April 09, 2017

10/04/2017: Effect of medium chain fatty acids on FCR and bacteria profiles in the gut of broilers

By Catharina Nieuwenhuizen, Nutritional & Technical Support Manager, Noba Vital Lipids, Holland

Many people in our industry talk about MCFAs or MCT

MCFAs means medium-chain fatty acids, which are fatty acids with a chain length of 6, 8, 10 or 12 carbon atoms. This means that we talk about C6-fatty acids, C8-fatty acids, C10-fatty acids or C12-fatty acids.

Image: Sami Sieranoja
These medium chain fatty acids are not bound with glycerine, they are in a free form as free fatty acids (FFA). MCT means medium chain triglyceride, this is an oil, sometimes it is called MCT-oil, for example palm kernel oil.

Palm kernel oil contains high levels of C12-triglycerides. MCFAs have strong antibacterial properties. Products with high levels of C8, C10 and C12 are of big interest in the feed industry, because of the antibacterial effect.

C8 and C10 fatty acids have a strong antibacterial effect on gram-negative bacteria, like E. Coli and Salmonella, and C12 fatty acids have a strong antibacterial effect on gram-positive bacteria, like Streptococcus and Clostridia.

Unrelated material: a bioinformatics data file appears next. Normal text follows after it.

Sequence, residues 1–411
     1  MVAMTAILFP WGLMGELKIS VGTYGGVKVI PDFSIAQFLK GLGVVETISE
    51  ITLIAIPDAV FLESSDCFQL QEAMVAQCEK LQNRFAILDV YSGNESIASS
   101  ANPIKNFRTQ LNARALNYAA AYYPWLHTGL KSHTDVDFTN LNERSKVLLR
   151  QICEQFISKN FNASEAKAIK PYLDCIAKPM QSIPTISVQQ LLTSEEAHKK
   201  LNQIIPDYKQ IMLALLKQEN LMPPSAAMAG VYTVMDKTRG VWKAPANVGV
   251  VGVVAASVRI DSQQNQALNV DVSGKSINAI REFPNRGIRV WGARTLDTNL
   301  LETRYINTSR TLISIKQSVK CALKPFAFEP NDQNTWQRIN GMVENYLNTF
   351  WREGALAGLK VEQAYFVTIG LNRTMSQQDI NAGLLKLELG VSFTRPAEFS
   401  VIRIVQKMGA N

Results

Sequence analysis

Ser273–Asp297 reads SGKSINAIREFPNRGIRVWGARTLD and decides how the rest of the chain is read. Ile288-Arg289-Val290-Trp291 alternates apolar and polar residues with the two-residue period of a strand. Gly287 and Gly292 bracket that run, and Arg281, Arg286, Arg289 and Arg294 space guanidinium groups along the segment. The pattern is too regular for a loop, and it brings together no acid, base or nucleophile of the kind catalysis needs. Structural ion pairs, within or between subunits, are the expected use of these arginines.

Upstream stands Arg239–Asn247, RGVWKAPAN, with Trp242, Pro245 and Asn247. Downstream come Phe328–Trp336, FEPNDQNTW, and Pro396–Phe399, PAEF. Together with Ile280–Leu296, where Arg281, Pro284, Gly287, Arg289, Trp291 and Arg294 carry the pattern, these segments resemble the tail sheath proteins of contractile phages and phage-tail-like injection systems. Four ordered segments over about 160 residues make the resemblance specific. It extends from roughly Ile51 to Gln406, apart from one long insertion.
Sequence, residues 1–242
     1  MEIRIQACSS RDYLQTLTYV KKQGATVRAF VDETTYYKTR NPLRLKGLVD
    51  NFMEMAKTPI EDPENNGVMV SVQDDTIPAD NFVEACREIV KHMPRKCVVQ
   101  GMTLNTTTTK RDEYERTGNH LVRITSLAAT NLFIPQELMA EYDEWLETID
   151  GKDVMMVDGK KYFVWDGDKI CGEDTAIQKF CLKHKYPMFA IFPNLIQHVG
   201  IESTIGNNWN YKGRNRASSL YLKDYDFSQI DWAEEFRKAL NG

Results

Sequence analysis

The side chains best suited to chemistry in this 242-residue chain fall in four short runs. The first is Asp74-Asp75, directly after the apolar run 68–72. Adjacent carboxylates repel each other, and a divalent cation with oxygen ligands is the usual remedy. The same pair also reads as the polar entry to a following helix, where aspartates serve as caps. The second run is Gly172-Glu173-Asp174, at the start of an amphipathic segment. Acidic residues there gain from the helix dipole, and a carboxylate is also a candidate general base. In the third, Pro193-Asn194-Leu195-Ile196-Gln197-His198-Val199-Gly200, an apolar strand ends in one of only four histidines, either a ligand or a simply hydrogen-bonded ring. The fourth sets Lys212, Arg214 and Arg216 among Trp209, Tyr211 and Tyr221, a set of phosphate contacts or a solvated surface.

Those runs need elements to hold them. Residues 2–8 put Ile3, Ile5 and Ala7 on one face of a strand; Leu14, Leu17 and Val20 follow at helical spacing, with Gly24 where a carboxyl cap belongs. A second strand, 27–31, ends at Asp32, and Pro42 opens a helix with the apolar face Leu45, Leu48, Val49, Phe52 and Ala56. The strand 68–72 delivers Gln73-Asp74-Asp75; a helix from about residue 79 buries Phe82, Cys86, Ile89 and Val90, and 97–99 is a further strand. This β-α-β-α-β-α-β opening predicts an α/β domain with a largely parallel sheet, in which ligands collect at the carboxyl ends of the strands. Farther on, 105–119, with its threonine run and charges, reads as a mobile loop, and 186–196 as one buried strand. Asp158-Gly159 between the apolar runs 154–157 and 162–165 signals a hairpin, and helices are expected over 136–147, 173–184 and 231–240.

These products have a positive effect on the intestinal integrity of animals and a positive effect on the technical performance. Medium-chain fatty acids are most suitable for pigs, poultry and calves.

Noba Vital Lipids has a product range named ‘Vital range’ with different combinations of MCFAs.

Modes of action
MCFAs can have different modes of action. The prime target of MCFAs seems to be the bacterial cell membrane and the various essential processes that occur within and at the membrane.

MCFAs can make the bacterial cell membrane porous or even solubilise the membrane in case of high concentration.

MCFAs can impair the energy production of the cells caused by interference of the electron transport chain and disruption of the oxidative phosphorylation.

Other processes that may contribute to inhibition of bacterial growth or death can be caused by cell lysis, inhibition of enzyme activity or impaired nutrient uptake.

Read the full article HERE.

The Global Miller
This blog is maintained by The Global Miller staff and is supported by the magazine Milling and Grain
which is published by Perendale Publishers Limited.

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